Tapenade used to be one of those ‘things’ that I didn’t understand. It smells and tastes beautiful, and evokes romantic visions of lazy mediterranean lunches, but I never really knew what to do with it. Showing a stereotypical Britishness, I was confused because it’s not a chutney or a pickle, it’s not a jam and it’s not Marmite. I would see it on supermarket shelves and in delis, but leave it behind. I’d see it with some mustards whilst at lunch but wouldn’t know where it goes. Then eventually, my tapenade maturity arrived and I realised it goes with lots of things, and it’s an ingredient that makes simple pairings spectacular. There are loads of ways you can use it, my favourite uses …come and read more!
Back at the wheel. I’m back! Although you probably hadn’t noticed, I’ve been away for a little while. Not away ‘away’, but away from the blog. And what’s the event that has caused me to temporarily desert (mmmm, dessert) my beloved blog? Surely it must be something awful, heartrendingly terrible or existentially disastrous to pry my frantic fingertips from the surface of my keyboard? The good news is that nothing bad has happened. It was the arrival of a little creature, an 8 week old miniature poodle puppy who we called Bernard, that managed to get the better of me psychologically for a few weeks. That left little space up there to consider food, blogs or for that …come and read more!
Ambrosia is an often overused word, hastily thrown around with levity to elevate the status of a particular food. It’s a very serious word (to me, anyway) which means ‘food of the gods’, and religious denominations aside I try to be reserved in it’s use simply out of respect. So, it’s with a certain amount of reticence that I’m considering using it in the description here. Baba Ghanoush, Mutabal or Moutabal, are some of the different names this aubergine dip goes under, with slight regional variations in both method and ingredients depending on where abouts in the world it is being made. It originates from the Middle East and I came to know it through multiplus trips to Lebanese restaurants when my girlfriend and I had just …come and read more!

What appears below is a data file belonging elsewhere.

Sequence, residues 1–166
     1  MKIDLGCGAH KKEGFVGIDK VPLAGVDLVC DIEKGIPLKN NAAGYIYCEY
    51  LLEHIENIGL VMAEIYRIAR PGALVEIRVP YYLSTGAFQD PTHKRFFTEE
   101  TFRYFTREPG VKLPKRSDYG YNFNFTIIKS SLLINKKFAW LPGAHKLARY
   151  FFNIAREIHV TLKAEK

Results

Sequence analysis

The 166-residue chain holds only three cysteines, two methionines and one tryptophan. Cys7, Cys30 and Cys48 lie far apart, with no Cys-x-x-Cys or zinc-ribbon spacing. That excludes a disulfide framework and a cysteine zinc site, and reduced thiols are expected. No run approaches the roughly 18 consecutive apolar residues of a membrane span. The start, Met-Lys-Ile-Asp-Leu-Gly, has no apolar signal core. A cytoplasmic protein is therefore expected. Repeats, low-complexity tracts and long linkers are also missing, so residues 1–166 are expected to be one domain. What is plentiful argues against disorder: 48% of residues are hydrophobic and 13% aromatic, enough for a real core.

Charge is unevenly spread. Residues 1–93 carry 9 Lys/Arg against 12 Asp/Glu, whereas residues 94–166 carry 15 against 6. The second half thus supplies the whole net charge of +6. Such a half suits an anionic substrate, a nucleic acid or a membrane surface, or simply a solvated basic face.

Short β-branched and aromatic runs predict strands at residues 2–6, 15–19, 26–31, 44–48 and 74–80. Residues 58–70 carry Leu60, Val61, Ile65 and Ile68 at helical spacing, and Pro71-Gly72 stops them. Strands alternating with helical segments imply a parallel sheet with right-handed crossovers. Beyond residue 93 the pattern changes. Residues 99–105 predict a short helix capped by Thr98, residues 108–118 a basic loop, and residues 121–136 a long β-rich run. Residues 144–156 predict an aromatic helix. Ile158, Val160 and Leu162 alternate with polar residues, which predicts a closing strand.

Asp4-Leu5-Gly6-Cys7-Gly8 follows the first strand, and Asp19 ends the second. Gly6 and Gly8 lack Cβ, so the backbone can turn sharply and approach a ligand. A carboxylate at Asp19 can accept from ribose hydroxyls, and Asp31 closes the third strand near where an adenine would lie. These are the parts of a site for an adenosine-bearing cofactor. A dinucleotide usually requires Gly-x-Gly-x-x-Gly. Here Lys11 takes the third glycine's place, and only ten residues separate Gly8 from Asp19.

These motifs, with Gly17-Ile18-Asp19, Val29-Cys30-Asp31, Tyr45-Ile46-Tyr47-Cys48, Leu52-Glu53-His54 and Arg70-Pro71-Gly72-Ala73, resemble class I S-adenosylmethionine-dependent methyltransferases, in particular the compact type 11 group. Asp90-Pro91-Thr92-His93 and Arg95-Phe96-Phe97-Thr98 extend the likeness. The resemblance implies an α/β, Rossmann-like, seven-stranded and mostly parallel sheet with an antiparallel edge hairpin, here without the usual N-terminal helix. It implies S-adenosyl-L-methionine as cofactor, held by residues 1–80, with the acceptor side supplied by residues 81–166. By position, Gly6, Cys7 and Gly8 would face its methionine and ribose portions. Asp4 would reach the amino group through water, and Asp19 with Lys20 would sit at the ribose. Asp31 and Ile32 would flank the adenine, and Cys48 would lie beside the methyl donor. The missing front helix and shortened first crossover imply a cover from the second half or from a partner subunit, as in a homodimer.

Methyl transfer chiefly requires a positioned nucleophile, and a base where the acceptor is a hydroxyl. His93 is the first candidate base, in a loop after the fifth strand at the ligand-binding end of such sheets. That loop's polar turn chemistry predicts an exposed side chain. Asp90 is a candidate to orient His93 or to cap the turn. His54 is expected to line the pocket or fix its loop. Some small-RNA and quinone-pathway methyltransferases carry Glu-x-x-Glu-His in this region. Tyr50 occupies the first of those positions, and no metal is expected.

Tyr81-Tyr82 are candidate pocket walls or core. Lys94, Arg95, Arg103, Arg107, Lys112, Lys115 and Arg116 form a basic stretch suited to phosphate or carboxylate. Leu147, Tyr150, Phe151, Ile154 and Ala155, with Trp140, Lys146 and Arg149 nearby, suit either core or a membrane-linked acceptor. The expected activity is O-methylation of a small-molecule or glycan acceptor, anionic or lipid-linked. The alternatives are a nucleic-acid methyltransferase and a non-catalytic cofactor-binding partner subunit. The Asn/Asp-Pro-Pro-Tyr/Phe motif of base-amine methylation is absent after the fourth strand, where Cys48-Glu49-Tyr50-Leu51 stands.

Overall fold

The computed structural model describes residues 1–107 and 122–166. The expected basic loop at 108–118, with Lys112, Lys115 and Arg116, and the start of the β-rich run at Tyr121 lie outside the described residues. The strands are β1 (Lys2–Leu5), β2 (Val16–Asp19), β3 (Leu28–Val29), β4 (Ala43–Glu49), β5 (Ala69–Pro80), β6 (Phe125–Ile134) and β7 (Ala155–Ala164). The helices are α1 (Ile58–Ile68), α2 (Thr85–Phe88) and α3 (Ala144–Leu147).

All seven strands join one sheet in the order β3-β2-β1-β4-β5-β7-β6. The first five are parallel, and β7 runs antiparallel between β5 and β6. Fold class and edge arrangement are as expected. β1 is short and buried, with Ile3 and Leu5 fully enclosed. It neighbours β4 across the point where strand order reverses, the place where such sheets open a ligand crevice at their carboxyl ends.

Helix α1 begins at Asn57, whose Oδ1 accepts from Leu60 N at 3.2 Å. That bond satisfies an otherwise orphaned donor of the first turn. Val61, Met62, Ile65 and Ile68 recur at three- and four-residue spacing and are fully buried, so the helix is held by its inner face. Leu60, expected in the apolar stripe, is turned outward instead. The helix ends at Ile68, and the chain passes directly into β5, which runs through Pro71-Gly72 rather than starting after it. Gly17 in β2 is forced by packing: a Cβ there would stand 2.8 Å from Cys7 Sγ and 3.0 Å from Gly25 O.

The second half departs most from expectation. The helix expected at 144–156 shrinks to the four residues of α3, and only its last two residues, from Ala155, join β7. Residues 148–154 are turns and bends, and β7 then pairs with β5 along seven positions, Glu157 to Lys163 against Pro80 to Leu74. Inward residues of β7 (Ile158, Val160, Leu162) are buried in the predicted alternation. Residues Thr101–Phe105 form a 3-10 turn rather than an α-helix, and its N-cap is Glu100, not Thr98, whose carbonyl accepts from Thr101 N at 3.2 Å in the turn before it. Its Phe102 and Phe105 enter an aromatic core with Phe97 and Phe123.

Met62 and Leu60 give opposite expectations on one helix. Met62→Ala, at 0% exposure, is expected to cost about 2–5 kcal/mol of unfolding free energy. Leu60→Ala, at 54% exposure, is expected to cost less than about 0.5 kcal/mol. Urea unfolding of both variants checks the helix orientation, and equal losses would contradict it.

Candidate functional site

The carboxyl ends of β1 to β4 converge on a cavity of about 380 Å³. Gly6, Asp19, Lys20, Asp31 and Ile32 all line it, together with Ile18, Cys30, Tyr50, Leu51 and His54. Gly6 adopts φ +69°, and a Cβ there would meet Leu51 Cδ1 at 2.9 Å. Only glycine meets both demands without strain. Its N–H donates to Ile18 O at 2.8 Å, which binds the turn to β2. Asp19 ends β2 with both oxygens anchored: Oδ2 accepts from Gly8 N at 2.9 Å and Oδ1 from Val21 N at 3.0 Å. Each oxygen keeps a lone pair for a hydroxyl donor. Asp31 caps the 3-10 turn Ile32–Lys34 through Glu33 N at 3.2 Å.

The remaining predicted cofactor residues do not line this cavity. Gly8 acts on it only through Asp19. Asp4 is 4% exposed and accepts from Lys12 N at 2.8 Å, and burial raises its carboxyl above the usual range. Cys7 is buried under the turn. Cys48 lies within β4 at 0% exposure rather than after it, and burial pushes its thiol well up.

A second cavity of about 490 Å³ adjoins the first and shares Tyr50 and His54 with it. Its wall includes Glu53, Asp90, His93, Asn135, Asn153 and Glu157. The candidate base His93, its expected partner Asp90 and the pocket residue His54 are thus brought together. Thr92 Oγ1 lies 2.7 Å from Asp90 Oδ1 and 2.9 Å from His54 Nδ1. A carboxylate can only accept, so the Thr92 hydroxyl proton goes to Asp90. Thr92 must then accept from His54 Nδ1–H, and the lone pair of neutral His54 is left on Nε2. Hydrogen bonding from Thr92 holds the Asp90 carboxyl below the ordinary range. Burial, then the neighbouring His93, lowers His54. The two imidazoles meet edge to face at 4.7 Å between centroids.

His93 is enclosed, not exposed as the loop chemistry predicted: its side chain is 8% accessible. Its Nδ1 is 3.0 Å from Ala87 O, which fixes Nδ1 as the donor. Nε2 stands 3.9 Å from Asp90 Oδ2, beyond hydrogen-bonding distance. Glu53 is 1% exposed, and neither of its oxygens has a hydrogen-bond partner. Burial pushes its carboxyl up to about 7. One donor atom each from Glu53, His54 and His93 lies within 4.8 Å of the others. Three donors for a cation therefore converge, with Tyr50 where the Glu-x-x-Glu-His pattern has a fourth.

Today’s recipe is so simple, it’s hard to think of a reason not to try it. If you were already planning to cook some of the lovely fresh asparagus that’s in season at the moment, then this simple addition adds a cheery extra dimension yet almost no extra work. And if you can’t get preserved lemons, even though the ‘cooks selection’ at many supermarkets now stock, they’re incredibly easy to make, so you could have a go yourself. In fact, I can begin to feel a blog post coming on… Have you ever searched for recipes based on number of ingredients involved, working on the assumption that less = easier life? Well that’s what I wanted to do here. If this dish had …come and read more!